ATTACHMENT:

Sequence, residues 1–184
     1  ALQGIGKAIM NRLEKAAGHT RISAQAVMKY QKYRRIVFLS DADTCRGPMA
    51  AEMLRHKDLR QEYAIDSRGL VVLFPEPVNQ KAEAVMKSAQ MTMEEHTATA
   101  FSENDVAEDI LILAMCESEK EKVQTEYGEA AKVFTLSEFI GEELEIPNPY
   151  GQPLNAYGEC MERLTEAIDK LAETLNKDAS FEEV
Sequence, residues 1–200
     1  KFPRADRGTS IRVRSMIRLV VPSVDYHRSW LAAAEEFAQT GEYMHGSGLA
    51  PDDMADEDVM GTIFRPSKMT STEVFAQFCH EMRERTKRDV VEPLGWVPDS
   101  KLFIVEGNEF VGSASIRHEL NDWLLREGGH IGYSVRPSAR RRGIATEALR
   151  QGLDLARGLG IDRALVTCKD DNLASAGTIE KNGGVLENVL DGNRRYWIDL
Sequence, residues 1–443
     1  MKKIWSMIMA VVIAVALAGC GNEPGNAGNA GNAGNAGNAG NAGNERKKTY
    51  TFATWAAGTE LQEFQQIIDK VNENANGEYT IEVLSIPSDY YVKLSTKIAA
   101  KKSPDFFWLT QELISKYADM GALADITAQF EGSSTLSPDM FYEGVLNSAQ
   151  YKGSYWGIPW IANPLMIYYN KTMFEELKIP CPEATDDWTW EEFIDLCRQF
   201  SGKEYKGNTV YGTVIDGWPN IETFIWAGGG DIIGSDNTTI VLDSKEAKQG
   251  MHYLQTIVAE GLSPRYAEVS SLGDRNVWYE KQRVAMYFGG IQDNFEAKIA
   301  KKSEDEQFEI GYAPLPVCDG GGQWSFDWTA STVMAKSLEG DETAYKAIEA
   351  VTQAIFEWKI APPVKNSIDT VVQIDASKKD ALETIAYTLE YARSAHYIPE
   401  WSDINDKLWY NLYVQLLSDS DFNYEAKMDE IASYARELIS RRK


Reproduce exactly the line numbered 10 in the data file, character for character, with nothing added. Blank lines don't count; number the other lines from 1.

   151  QGLDLARGLG IDRALVTCKD DNLASAGTIE KNGGVLENVL DGNRRYWIDL